10 innovations are waiting to be embraced by society as integral parts of our everyday digital life this year or next.
The makers of your favorite autonomous vacuum cleaner want to create a machine that can 3D print products without the assistance of humans.
A new material created by researchers at MIT performs a pretty handy trick: it turns small amounts of water vapor into energy.
What will happen in the future? BBC Future has decided to make some bold predictions for the next 150 years.
Although we have yet to perfect an artificial intelligence that can solidly pass the Turing Test, developers are nevertheless endeavoring to create humanoid robots that can mimic our physical attributes. A team from Switzerland aims to take this humanoid robot trend in an interesting new direction by creating a realistic robot boy.
In tech, five years is an eternity. Five years ago, it was 2007. You probably don't even remember 2007. I certainly don't: 2007 was 5,000 articles ago. IBM has a longer memory than us all, however, and based on its history, the company has five five-year predictions as to how technology will make our lives better within the next five years.
Just days after we told you about an organization working to prevent robot drones from becoming autonomous death machines, a new organization has been announced along a similar theme: Ensuring the survival of humanity in the face or newly intelligent machines.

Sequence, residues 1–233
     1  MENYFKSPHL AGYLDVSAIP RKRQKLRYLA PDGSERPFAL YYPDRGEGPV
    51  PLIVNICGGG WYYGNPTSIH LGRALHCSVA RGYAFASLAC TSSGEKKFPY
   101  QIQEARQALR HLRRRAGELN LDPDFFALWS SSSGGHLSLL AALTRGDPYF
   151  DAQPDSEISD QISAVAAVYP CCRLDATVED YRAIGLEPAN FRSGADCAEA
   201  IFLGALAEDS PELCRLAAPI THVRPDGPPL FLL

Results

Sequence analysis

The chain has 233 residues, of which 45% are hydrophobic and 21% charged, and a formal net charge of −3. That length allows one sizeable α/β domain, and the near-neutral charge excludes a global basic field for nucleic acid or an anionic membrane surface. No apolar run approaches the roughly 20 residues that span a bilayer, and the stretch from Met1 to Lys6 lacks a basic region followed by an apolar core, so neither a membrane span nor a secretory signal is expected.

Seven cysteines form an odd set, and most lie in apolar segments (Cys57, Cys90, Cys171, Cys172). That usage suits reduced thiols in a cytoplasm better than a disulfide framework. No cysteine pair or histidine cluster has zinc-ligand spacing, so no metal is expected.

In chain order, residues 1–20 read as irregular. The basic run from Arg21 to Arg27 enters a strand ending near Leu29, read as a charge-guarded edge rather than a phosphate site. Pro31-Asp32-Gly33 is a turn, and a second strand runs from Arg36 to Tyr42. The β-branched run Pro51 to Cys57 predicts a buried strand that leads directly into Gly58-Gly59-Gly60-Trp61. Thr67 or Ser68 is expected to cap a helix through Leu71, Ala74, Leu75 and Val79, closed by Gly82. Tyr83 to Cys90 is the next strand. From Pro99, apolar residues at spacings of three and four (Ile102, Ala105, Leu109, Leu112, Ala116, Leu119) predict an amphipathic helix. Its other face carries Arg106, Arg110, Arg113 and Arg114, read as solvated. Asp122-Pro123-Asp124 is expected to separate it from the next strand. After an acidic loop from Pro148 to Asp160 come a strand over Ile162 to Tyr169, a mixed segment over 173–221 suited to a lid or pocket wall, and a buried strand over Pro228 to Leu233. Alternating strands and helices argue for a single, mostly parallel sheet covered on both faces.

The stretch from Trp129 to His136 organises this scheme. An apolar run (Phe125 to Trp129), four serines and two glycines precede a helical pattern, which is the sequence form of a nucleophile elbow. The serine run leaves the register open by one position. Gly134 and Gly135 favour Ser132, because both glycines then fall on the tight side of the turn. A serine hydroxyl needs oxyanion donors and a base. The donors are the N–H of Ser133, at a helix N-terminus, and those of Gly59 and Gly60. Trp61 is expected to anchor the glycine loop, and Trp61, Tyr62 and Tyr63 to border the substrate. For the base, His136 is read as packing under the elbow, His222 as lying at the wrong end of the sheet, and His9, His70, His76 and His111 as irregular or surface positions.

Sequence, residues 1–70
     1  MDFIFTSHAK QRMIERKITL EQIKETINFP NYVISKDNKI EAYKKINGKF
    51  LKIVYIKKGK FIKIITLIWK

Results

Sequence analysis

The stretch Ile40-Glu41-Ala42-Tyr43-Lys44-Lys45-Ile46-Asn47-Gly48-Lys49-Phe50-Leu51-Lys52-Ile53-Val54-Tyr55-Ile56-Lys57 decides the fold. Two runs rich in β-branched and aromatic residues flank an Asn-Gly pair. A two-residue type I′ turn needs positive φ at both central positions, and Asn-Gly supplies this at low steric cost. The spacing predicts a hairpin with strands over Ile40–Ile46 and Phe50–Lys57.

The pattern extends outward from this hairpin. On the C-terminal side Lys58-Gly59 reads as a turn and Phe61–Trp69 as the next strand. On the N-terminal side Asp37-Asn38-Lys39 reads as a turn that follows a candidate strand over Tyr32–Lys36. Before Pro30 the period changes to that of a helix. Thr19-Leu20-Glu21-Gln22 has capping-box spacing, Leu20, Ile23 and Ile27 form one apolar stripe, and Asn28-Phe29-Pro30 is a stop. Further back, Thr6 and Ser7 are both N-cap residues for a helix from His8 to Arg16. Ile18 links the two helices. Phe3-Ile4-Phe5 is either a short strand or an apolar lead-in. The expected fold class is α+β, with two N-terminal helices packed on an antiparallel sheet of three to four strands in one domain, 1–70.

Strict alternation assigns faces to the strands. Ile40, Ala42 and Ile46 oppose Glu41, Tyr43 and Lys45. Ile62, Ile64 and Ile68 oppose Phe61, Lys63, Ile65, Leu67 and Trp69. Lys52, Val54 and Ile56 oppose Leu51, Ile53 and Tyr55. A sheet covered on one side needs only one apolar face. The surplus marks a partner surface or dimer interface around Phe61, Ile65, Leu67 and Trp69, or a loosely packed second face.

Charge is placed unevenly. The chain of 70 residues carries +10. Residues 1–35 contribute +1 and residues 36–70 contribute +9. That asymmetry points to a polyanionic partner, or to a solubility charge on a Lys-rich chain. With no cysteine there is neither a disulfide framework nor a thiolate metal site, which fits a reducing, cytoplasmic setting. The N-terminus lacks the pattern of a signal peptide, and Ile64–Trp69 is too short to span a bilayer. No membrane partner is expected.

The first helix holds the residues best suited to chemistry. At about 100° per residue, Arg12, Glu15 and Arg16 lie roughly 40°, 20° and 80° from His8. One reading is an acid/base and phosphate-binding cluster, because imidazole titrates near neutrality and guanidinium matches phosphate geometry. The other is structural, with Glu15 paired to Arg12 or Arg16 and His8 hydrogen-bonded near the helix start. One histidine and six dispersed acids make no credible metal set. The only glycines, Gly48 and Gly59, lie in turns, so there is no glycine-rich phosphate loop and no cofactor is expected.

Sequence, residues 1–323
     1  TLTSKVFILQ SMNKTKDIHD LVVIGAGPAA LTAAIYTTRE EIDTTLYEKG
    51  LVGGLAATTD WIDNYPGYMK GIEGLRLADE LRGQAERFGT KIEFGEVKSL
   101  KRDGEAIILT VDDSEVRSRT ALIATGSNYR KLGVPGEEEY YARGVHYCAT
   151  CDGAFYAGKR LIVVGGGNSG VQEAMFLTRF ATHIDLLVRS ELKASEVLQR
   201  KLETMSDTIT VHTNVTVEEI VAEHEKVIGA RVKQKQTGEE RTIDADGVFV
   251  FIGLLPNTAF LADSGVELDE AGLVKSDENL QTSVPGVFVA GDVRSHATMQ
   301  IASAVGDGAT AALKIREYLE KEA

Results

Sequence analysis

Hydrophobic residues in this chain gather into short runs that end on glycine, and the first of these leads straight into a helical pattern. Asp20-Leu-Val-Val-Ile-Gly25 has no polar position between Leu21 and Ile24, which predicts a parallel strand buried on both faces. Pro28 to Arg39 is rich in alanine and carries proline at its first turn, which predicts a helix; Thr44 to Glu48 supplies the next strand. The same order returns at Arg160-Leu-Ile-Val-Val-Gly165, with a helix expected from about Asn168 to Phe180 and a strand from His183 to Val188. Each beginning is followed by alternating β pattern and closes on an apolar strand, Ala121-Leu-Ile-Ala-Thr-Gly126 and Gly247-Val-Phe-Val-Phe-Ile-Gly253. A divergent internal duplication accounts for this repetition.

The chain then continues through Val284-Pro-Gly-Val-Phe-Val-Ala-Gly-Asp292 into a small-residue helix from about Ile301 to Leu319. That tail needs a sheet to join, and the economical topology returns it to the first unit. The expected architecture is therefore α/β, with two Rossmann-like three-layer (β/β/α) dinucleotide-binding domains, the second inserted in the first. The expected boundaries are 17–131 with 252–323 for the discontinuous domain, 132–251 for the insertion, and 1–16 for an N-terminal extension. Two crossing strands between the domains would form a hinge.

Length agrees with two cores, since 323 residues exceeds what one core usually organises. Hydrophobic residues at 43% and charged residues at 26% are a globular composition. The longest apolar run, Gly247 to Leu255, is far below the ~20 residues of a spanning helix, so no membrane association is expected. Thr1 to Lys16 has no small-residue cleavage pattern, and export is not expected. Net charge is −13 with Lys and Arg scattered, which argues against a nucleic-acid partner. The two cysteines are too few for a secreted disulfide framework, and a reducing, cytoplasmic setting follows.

In the paranoid future of the genetically discriminatory security state, your life will be defined by your DNA, and access will be controlled by machines that instantly read samples of your genetic code to verify your identiy. When will this all kick in? It won't be long now, thanks to NEC's new DNA analyzer that can brand you as an in-valid in under 25 minutes.
The marriage of artificial and bio-materials to create cyborg insects and rats is still a bleeding-edge field with fascinating possibilities for human applications. That sometimes controversial vision of the future just took a dramatic turn towards blurring the man-versus-machine lines with the debut of a 3D-printed robot that uses heart cells to walk.
The Kinect has already shown us the beginnings of a new world of console gaming interfaces controlled by gestures, but a new development promises to bring that dynamic to tiny mobile devices using the world's first electrical field-based 3D gesture controller.